In October 1998, Wafaa’ traveled to Tunisia and brought back a thorough report about Tunisia and the Qartaj Film Festival.  Her trips to Iraq and England in 1999 gave birth to two of her best ever written reports about Iraqis’ daily lives during the embargo and on Arab Excellence.  These two reports are available on INEAS website by clicking on ‘Special Reports’

In July 2000, Ms. Al-Natheema joined the DeWolfe real estate office in Needham, Mass.  Her last day at DeWolfe was on Friday December 21, 2001.  In December 2000, she became a member of the National Writers Union (NWU).

Wafaa’ organized (through INEAS) the tour of Hussein Al-Athamy and The Tchalghi Baghdadi (HATB) which took place in Cambridge, MA. and Washington, DC in October/November 2000.  The ensemble, which arrived from IRAQ, included the renowned Maqaam singer, Hussein Al-Athamy,  famous oud player, Ali Al-Imam and Jawza player, Dalia Yaqoob. 

Simultaneously, she began working on the tour of Farida and the Iraqi Maqam Ensemble (FIME) and was able to solicit interested co-sponsors such as World Music Institute (in New York), the Smithsonian (in DC) and Department of Cultural Affairs (in IL).  The greatly successful tour in four States (including Mass.) took place in May 2001 and was publicized in the New York Times, The Chicago Tribune and other publications.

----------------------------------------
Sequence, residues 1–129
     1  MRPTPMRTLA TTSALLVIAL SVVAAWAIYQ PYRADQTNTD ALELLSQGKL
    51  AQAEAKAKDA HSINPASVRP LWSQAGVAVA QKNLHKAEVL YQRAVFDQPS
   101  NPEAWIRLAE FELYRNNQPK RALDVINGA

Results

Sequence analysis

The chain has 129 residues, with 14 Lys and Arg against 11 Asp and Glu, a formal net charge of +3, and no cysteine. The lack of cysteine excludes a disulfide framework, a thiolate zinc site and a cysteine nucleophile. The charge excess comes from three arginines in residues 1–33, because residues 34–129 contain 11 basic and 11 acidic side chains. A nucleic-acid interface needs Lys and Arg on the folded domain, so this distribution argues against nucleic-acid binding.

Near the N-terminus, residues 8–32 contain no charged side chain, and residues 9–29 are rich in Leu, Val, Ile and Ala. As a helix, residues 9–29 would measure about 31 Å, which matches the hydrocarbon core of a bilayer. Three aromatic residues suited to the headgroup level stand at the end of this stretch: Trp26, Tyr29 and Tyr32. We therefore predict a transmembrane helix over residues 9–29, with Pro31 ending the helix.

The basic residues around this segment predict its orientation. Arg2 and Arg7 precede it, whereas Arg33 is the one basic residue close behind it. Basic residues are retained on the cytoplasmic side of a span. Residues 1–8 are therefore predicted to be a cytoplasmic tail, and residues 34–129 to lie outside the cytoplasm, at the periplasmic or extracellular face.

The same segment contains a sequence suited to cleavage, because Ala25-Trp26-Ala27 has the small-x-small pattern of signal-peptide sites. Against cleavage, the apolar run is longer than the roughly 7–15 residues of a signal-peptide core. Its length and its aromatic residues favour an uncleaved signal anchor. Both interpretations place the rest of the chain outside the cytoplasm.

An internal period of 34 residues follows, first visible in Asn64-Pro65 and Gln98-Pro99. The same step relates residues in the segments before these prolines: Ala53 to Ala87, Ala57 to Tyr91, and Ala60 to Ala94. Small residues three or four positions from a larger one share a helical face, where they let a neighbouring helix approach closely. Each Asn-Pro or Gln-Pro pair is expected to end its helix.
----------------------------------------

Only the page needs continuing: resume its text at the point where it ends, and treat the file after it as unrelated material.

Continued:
In 2004, Wafaa’ published her first poetry book, “Untamed Nostalgia—Wild Poems”.  More information about the book including how to order it can be found by visiting or by accessing 

Al-Natheema started her blog in April 2005 as an outlet for her reports and commentary on a variety of subjects; politics, health, the arts, poetry and history.  The blog can be accessed at

In August 2005, Wafaa’ produced her first CD of poetry and songs entitled, “Halamanteeshi” which featured her songs at age four collaged with her singing now.  She also mixed the beautiful voice of her deceased uncle (who passed away in 1965) with her own singing.  The CD features Iraqi children songs, lullabies and folkloric songs.  Nine of the 12 songs have been composed and vocally interpreted by Wafaa’.  About the story of Halamanteeshi as well as information regarding the CD and how to order it, click on

Ms. Al-Natheema has participated in the PEACE Festival beyond the DMZ 2005 in South Korea.  She negotiated a contract with the Korean organization to promote two Iraqi musicians (living in Jordan) to perform at the Festival.  She also gave a performance of poetry and songs on August 26, 2005.  A detailed report about the Peace Festival and her visit to S. Korea can be accessed at

She can be reached at:


P.O. Box 425125
Cambridge, MA 02142 USA
Tel (617) 86-INEAS (864-6327)  Ext. 3
Fax (617) 864-6328
E-Mail: .(JavaScript must be enabled to view this email address)  or .(JavaScript must be enabled to view this email address)